#638: BNL

GETTING MORE TALE #638: BNL

First year of university involved “frosh week”.  All the new students would have events and basically just party for a week.  I wasn’t into that and I only attended the first night.  It concluded with an Australian comedy band playing some amusing novelty songs.  Wish I could remember their name.

My friend Andy, who was accepted at  the University of Waterloo, had different entertainment for frosh week.  “We had this shitty band called Barenaked Ladies,” he told me.  Barenaked Ladies?  The fuck was that?

Barenaked Ladies were an acoustic group from Scarborough Ontario who specialised in quirky and often humorous original songs.  Little did I know that their Yellow Tape demo was making waves.  I was focused on what was happening in Canadian metal.  It didn’t take long after that Waterloo gig for the band to gain national awareness.  Their excellent cover of Bruce Cockburn’s “Lovers in a Dangerous Time” got a nation wide release on a tribute album called Kick at the Darkness. The quintessentially Canadian music video was in constant rotation.

And for comparison:

The Cockburn cover was impressive.  It showed off the central vocal harmonies of Steven Page and Ed Robertson, and it was obvious the band were schooled on their instruments.  Barenaked Ladies didn’t focus on mainstream instruments, preferring double bass and congas.

My sister became a fan quickly, and when their first official album Gordon was released in ’92, she dove right in.  Before long she had a vast collection of Barenaked rarities, including a bootleg tape she recorded herself at a Kitchener show.  Some of the bands’ most popular songs with fans were not on Gordon, such as “McDonalds Girl” and the Public Enemy cover “Fight the Power”.

I casually followed the band along with her, appreciating their lyrical cleverness and occasional emotional depth.  I helped her collect rarities at record shows.  She sent pianist/percussionist Andy Creeggan a vintage 1977 Darth Vader sticker to put on his congas.  And he did.  And it can be seen in some video footage if you look hard enough.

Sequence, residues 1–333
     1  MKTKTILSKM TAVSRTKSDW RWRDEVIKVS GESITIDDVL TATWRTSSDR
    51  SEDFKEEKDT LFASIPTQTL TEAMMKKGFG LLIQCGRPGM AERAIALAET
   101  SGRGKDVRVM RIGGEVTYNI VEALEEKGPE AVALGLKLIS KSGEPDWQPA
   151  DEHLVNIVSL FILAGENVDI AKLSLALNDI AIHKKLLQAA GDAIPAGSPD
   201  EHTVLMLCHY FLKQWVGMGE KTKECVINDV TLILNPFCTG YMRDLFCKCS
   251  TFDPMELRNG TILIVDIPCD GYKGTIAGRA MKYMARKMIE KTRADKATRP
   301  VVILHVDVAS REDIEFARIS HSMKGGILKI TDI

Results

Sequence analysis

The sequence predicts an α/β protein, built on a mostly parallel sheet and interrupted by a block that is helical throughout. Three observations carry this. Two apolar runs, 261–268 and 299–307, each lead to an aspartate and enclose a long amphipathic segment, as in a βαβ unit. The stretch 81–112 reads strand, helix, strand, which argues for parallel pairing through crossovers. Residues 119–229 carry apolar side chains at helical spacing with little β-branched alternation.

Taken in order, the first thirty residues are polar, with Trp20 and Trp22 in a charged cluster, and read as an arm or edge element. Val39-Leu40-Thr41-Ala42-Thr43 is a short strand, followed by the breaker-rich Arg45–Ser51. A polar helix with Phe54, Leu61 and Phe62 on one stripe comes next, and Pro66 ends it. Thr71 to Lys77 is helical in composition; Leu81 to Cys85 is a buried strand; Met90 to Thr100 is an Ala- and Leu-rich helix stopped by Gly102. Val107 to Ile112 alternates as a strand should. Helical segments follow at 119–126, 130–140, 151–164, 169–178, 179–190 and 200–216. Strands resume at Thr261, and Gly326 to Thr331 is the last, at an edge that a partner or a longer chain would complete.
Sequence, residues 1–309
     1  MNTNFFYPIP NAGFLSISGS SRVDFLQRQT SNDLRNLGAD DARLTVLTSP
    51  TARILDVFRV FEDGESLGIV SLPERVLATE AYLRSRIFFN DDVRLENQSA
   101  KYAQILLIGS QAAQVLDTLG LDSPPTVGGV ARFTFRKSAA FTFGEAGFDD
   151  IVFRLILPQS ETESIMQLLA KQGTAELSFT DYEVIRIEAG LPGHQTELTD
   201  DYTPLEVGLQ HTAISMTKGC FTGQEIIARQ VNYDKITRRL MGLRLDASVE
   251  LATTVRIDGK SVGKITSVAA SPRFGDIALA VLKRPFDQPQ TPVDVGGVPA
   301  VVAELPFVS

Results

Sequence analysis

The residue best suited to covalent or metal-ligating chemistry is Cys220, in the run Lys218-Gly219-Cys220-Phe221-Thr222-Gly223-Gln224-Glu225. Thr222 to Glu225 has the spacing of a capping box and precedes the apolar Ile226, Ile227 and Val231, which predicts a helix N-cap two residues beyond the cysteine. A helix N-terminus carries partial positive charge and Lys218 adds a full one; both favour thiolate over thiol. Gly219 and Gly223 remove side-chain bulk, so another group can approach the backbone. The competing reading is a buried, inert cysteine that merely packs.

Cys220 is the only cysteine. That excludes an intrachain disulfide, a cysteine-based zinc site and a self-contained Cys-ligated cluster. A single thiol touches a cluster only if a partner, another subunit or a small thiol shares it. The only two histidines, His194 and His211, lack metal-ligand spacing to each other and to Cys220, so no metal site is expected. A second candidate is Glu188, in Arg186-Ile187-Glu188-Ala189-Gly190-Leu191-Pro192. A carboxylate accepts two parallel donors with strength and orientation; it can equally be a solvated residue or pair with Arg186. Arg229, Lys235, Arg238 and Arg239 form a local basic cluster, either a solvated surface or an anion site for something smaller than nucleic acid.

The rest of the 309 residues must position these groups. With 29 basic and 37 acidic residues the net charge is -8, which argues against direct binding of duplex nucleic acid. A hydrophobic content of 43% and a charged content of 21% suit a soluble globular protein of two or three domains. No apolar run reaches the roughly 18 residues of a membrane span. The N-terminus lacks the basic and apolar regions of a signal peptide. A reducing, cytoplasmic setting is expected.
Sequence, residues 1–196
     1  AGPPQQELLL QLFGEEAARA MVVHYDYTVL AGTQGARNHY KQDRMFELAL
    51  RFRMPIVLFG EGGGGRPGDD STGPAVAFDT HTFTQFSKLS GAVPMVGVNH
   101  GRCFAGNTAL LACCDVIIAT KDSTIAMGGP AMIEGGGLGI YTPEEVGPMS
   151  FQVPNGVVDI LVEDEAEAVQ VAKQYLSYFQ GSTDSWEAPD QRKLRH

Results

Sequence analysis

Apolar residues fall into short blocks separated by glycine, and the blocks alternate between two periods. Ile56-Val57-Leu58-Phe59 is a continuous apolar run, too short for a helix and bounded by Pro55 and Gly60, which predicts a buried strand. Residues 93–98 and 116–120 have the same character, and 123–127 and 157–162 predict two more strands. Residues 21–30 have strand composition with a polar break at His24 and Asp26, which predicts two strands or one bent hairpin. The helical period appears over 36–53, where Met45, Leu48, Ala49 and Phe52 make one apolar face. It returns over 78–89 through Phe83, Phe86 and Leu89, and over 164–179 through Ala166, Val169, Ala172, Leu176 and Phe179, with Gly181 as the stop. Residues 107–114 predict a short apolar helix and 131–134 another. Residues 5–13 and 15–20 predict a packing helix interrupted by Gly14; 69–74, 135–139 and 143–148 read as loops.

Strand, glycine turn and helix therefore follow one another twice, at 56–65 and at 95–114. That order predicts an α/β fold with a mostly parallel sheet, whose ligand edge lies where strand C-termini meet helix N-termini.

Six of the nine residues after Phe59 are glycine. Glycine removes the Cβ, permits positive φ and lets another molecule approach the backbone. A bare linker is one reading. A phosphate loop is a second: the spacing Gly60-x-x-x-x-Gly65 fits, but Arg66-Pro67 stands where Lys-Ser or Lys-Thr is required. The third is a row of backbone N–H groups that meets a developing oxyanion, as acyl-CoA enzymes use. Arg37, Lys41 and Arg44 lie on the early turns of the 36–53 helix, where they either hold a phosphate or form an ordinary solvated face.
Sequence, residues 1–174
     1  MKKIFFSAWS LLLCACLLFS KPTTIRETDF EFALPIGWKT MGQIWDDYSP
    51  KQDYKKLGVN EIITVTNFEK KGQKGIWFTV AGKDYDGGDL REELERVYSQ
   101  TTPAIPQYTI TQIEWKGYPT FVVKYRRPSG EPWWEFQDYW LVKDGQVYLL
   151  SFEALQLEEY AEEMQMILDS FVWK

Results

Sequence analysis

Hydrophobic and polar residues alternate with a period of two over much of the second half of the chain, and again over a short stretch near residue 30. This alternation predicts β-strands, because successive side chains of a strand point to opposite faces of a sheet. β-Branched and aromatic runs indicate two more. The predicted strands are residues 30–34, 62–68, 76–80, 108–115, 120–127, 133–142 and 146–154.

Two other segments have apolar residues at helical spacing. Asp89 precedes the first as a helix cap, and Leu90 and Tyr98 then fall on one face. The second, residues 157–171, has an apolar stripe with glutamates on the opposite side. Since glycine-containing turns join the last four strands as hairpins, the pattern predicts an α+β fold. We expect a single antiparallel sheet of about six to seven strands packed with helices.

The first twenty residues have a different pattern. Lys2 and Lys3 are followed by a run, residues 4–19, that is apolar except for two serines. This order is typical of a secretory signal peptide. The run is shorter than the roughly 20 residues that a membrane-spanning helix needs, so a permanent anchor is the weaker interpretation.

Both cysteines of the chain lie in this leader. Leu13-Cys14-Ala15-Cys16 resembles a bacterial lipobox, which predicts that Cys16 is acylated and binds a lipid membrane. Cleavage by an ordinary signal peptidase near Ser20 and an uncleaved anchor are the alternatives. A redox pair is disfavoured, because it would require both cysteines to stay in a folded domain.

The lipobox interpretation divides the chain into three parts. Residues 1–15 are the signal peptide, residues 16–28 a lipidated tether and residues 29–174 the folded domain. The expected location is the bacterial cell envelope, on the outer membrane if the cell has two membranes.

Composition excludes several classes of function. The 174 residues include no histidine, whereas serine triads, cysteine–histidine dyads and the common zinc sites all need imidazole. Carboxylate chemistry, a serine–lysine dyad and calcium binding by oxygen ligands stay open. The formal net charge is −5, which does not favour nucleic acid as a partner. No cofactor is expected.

I went to see them with her on their 1996 Born on a Pirate Ship tour.  I was impressed with a lot of their new songs, especially the intense “Straw Hat and Old Dirty Hank”, a track about an Anne Murray stalker. They played it live at that show (which featured Mike Smith aka “Bubbles” in opening band Sandbox).

As soon as Steven Page hit the stage, he seemed to be simmering.  He was dressed in his goofy shorts as usual, but he seemed…angry?  Intense.  It really came out in “Straw Hat and Old Dirty Hank” which boiled over.  I gained a real appreciation for the band that night, and also for Steven Page as an artist.  Whatever was bothering him that day (if that was indeed the case), he poured it into the show.  It was an incredible night.

Unfortunately for us, Barenaked Ladies evolved into the mainstream over the years.  Both of us lost interest as they changed.  Andy Creeggan left the band after their second album Maybe You Should Drive, which meant the congas were gone.  Jim Creeggan traded his big stand up bass for an electric more often.  The emotion seemed to drain from their albums as time went on.

I wasn’t very surprised when Steven Page left the band in 2009.  As their music became more campy and often aimed at kids, Page was less comfortable.  His drug bust in New York was the real shock, since he was caught doing cocaine.  That certainly clashed with the band’s family friendly image.

The band carried on and Page went solo, but there’s a new twist.  On March 25 2018, Barenaked Ladies will be inducted into the Canadian Music Hall of Fame.  It’ll be done during the Juno Awards broadcast, and Steven Page will be returning to perform with them.  “I hope it’s fun,” said Page.  “I honestly haven’t been in the same room as the other guys – all the other guys at once – since I left the band. It’ll be good to see them all, but it’s going to be odd. It’s not like we’re getting back together.”